Dominique Decree told detectives at the hospital a different version of events, all while repeatedly telling them of her “wish to die,” the affidavit said.

She admitted that she choked Jamilla Campbell, her aunt, to death. She said her mother killed Damon Decree Jr. and Naa’Irah Smith — her sister and brother, and her mother’s own children — and that her mother also killed Imani Allen. Dominique Decree said Jamilla Campbell choked the other twin to death.

Law enforcement sources said Tuesday night that Naa’Irah Smith and Jamilla Campbell and her children had moved into the apartment recently, at most a month ago.

Weintraub said investigators are not seeking any other suspects and promised that Shana and Dominique Decree would “be made to pay for their crimes."

Investigators continued to speak with family members Tuesday, including Joshua Campbell, Jamilla Campbell’s 17-year-old son, who left the apartment recently because of how crowded it had become — one law enforcement source said the teen said it was no longer “a happy home.” On Monday night, Campbell was found safe in Willingboro, where he was staying with friends.

County spokesperson Larry King declined to provide information on any involvement the victims had with Children and Youth, citing privacy policies related to active cases. Expanded information on contact the agency had with the family will likely be released at the end of any criminal prosecution, he said.

Weintraub declined to answer similar questions, and would not comment on whether there were any reported mental-health issues within the family.

Those who knew the victims reeled at the news, trying to make sense of the violence.

Destiny Harris sobbed when she learned that Imani and Erika, her 9-year-old half-sisters, had been killed just a few doors from where she lived in the same apartment complex.

“My heart,” she said, breaking into tears Tuesday. “I can’t breathe, to be honest.”

She had been checking on the family, she said, but all had seemed mostly normal. Harris said she paid regular visits to the family, but she was busy as a student at East Stroudsburg University.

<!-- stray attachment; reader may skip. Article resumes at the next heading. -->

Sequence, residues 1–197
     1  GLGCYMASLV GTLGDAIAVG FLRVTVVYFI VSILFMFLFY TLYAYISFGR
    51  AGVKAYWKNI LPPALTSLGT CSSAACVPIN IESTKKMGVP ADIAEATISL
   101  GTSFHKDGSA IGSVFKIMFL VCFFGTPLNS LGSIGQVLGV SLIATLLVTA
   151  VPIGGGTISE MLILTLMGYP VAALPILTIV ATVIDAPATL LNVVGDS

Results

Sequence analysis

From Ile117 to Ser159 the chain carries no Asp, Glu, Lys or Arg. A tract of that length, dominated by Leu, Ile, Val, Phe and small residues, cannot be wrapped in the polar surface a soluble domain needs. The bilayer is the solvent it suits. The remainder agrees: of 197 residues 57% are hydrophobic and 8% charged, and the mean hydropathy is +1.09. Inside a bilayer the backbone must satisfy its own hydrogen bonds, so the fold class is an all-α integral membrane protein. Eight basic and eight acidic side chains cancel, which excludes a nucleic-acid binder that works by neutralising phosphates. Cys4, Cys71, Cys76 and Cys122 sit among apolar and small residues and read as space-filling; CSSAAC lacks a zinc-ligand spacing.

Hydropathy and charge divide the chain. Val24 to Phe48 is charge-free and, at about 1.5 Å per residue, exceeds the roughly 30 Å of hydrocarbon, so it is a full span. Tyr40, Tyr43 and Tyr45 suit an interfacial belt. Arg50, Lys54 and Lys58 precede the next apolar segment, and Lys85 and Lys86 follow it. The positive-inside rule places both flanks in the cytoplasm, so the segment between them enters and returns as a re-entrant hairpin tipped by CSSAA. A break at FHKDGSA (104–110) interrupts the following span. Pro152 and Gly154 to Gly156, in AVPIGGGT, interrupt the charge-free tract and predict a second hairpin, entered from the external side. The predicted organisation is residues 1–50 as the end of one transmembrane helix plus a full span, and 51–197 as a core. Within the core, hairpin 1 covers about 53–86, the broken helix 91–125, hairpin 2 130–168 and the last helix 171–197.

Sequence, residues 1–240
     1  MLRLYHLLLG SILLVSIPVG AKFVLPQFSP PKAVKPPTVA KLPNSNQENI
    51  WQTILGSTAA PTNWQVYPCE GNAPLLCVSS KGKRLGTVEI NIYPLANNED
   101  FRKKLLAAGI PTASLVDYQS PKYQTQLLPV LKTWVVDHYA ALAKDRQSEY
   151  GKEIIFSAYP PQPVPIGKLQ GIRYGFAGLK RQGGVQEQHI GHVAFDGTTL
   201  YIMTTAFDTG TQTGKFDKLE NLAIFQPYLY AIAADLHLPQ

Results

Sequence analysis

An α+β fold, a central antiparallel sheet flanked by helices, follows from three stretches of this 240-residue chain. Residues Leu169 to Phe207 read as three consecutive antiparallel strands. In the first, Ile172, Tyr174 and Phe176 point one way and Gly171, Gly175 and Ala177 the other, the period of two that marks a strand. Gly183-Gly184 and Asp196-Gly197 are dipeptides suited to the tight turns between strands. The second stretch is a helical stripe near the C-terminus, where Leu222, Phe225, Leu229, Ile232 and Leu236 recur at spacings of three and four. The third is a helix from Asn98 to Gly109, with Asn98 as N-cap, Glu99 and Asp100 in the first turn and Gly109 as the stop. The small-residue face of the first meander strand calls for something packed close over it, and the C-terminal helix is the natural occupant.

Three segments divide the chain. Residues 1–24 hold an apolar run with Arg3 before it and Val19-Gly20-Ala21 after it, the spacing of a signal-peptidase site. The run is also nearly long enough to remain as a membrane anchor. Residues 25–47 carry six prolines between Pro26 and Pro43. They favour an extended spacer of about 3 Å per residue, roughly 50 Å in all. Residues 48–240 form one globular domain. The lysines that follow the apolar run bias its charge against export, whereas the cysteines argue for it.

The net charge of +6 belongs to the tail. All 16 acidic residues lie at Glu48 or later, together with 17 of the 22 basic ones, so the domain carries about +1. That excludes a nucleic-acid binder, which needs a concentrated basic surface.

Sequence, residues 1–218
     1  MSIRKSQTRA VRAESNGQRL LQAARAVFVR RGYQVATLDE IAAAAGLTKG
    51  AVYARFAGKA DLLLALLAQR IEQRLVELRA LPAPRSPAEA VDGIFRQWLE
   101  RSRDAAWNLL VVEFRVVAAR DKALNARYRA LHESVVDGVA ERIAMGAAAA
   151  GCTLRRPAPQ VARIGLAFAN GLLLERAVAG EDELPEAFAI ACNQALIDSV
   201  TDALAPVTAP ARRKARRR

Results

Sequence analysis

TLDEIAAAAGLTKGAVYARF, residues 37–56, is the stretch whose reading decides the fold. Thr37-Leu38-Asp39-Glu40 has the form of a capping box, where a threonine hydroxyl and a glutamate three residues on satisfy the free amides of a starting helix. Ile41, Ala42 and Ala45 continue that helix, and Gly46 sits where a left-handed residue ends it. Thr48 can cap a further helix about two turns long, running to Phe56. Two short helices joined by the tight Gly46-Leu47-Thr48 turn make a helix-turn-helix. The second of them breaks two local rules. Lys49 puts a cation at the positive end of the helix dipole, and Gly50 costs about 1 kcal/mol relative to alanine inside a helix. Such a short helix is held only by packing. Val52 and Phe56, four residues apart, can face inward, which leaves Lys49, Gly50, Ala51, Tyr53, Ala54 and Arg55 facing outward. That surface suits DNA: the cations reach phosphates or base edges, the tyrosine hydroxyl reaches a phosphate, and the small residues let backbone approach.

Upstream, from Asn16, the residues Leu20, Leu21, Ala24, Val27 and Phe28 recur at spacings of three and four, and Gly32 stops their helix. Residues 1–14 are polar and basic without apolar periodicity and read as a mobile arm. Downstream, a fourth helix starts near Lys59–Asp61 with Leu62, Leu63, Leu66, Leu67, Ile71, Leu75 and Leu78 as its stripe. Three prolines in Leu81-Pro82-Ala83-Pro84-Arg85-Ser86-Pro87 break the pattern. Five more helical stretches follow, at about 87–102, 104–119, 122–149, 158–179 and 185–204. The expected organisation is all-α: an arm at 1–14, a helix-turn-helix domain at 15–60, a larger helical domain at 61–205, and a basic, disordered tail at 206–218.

The last time she saw her sisters, she said, was a week ago. The girls were going to turn 10 on Friday, and were looking forward to a trip to Walt Disney World.

Her sisters, Harris said, “were great kids. They were smart, and they loved everyone. They were the greatest kids.”

Nicole Owens was similarly stunned. She had last spoken to Shana Decree, her oldest daughter’s cousin, two weeks ago. Everything seemed fine at the time, Owens said. More recently, however, she grew worried after not hearing from the family for some time.

“They were a close-knit family, I don’t have anything bad to say in regard to who they were before this took place,” she said. “My heart is so heavy right now, and all I can do is just look back.”

She said Shana Decree had intermittent health problems, struggling with lupus, but showed no signs of stress, anger, or strange behavior that raised her suspicions. Owens said she didn’t know why the family was referred to a county caseworker.

“I think that we all need to say a prayer, because we don’t know what could take over our minds,” Owens said. “It takes someone with a sick mind to do something like that. You have to be sick to even want to take someone’s life.”

Damon Decree, Shana Decree’s son, was friends with her youngest daughter, Owens said, and they acted in plays together at Morrisville Middle/Senior High School.

The school sent a letter home to students’ families on Monday, offering counseling for those who knew Damon Decree or had been affected by his death.

One of the school’s alumni, Thai Hall, stood outside the Robert Morris complex Tuesday, paying respects to Naa’Irah Smith, an old classmate.

“Sweetest girl ever,” Hall said. “Kept to herself, spoke to herself, was with her boyfriend the majority of the time.”

“Always together,” Hall said. “He’s sweet, too. ... Very respectful, polite, caring.”

Hall looked over at the apartment where Naa’Irah Smith died.

“It broke my heart. It really did,” she said. “I was up all night, praying, praying.”

Inquirer staff writers Henry Savage and Mark Fazlollah contributed to this article.